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Schools spending more, getting deeper in debt
School districts are awash in red ink, with debt rising 13 percent in the 2000-01 school year to almost $202 billion, the Census Bureau reported Tuesday.
The debt has resulted mostly from school construction projects, which have been plentiful in local school districts during the past five years.
Experts don't expect districts to earmark much additional money for debt repayment, however, because state and local governments face budget shortfalls of their own that could lead to their sending less money to schools.
In the Jackson School District, assistant superintendent of finance Jim Welker said there was a total outstanding indebtedness of $16,120,000 as of the end of the last fiscal year, which was July.
The majority of that was incurred through bonds issued for construction projects at R.O. Hawkins Junior High School, Jackson High School, middle and elementary schools, Welker said.
The district also has a $2,560,000 lease-purchase contract in place that was originally used for renovations at Orchard Elementary and the Jackson High School multipurpose gym. The contract, which was refinanced in August, costs the district around $400,000 annually from capital project funds transferred from the general funds.
According to Welker, debts from bonds do not impact the regular operating budget because the money to pay for them comes from a voter-approved debt service taken from local property tax revenues. Welker said the district's budget problems aren't a result of debt from bond issues, but come mainly from cuts in state funding.
Districts across the U.S. that are facing budget cuts are delaying renovations or waiting another year to buy new textbooks or computers. Other districts are turning to little things to save money, like rationing chalk or paper.
"Education is such a sacred cow, usually in an economic downturn, it doesn't get hit as hard," said Steve Smith, education policy analyst at the National Council of State Legislatures. "But given the magnitude of the budget crisis today, it's on the table."
The latest Census Bureau report covers the 2000-01 school year, a period during which the economy slipped into recession. Data came from an annual survey of state and local governments and school districts.
School spending rose 7 percent to about $7,284 per pupil, but wide variations exist among states and communities. Among states, New York and New Jersey topped the list, each spending nearly $11,000 per pupil. Connecticut spent $9,200.
Arizona and Mississippi were among the lowest, each spending less than $5,200 per student, while Tennessee spent over $5,600 per pupil.
Missouri's average per-pupil expenditure in 2002 was $6,991. The averages in the Jackson, Scott City and Cape Girardeau school districts all fell below the state average last year.
According to business manager Roger Tatum, the outstanding debt in the Scott City School District comes from a $3.5 million bond issue passed in 2001 for a 55,000-square-foot construction project now nearing completion, and a $780,000 lease-purchase contract signed in 1996.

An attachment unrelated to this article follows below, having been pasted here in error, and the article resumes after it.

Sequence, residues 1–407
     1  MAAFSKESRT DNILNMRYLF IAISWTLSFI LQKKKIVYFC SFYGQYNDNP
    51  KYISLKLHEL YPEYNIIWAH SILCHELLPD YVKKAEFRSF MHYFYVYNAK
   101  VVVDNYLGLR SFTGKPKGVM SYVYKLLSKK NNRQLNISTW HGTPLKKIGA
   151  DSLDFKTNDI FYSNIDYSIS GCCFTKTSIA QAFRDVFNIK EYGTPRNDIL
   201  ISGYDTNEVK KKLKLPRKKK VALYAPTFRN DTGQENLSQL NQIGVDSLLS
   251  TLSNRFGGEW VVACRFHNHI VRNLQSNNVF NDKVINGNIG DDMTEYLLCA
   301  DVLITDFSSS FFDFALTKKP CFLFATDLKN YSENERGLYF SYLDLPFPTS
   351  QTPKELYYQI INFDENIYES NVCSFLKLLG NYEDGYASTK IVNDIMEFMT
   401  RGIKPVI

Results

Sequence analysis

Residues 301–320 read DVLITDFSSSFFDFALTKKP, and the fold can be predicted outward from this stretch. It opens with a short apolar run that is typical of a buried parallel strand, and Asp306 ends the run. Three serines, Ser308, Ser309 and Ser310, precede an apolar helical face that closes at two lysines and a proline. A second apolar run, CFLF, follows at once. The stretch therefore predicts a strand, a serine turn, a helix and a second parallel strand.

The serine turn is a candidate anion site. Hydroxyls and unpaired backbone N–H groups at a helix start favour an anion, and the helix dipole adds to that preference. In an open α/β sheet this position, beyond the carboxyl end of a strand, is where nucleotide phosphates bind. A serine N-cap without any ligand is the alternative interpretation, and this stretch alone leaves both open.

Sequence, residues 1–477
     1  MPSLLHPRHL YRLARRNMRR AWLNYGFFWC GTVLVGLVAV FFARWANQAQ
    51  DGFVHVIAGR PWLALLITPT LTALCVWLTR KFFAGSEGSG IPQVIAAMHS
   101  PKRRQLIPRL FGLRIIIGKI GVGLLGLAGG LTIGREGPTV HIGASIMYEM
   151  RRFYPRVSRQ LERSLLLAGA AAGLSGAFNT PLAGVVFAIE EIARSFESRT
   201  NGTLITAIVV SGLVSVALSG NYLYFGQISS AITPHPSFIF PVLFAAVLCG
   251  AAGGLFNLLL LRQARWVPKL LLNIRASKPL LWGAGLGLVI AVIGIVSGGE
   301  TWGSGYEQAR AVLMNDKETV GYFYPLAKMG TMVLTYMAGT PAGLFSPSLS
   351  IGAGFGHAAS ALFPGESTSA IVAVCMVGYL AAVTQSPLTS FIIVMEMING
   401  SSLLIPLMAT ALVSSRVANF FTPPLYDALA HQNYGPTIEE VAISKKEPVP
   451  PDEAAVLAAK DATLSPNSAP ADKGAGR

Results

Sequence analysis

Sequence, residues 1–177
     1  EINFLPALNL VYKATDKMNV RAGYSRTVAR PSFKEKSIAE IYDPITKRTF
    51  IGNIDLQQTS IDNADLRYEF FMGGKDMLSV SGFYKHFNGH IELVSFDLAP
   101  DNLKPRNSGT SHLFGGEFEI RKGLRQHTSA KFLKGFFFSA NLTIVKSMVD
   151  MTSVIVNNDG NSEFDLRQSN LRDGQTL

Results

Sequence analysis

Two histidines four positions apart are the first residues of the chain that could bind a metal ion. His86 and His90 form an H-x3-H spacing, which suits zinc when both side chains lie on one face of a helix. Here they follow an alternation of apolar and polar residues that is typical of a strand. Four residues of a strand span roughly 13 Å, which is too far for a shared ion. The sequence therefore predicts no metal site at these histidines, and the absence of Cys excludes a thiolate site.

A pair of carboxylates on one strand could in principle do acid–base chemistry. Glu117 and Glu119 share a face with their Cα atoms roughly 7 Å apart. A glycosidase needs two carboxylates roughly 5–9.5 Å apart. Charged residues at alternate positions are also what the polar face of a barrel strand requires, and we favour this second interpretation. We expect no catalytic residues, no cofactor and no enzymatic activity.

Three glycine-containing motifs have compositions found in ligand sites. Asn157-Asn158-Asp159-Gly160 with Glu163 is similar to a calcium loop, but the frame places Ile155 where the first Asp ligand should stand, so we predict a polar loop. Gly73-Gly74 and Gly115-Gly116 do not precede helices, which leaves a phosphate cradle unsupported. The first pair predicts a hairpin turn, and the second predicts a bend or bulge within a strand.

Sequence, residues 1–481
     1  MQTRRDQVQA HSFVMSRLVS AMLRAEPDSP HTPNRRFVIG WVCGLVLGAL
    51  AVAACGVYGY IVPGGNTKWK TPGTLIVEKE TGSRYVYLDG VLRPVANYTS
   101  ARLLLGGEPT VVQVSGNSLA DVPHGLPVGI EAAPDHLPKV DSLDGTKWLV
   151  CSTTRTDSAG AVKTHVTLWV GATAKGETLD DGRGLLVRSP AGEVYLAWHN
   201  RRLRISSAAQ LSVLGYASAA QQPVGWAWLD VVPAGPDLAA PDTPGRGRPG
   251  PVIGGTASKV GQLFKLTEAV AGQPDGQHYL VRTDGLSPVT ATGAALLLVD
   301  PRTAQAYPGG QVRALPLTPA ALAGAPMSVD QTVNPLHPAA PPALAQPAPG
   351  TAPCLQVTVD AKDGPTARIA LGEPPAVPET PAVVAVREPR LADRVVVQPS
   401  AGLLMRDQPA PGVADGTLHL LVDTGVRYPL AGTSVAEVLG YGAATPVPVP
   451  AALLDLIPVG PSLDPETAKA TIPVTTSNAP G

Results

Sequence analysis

As in Jackson, Tatum said his district's budget woes are a result of state funding cuts, not from district debts incurred from bonds.
At the end of the last fiscal year -- July 2002 -- the Cape Girardeau School District's debt consisted of $29,400,000 in general bonds, $207,000 in energy loans from the Department of Natural Resources and $4,050,000 from a lease-purchase contract used to install a new heating and air conditioning system in Central Junior High in 2002.
"Anytime you spend money, there is opportunity cost," Huff said. "If you spend a dollar in one place, that's a dollar you don't have to spend somewhere else."
About 93 percent of school district revenue come from state and local governments, the latter relying largely on property taxes.
Staff writer Callie Clark contributed to this report.
Michael Pons, a policy analyst with the National Education Association, said with many states facing huge budget shortfalls, spending on schools could take its biggest hit in 20 years when the new budget year starts in the coming months.
When the economy was booming in the late 1990s, states and communities poured money into building new schools and renovating old ones. Most projects were funded by voter-approved bond issues that brought with them many years of debt payments.
"The fact that schools are in debt because of school construction doesn't have much to do with the recession," Pons said. "The fact is, these were unmet needs that had to be addressed."
Besides construction needs, school districts face other expensive requirements, from technology to teachers. Districts in growing areas, particularly the South and West, have seen an influx of Hispanic immigrants, many of whom need special attention because of language.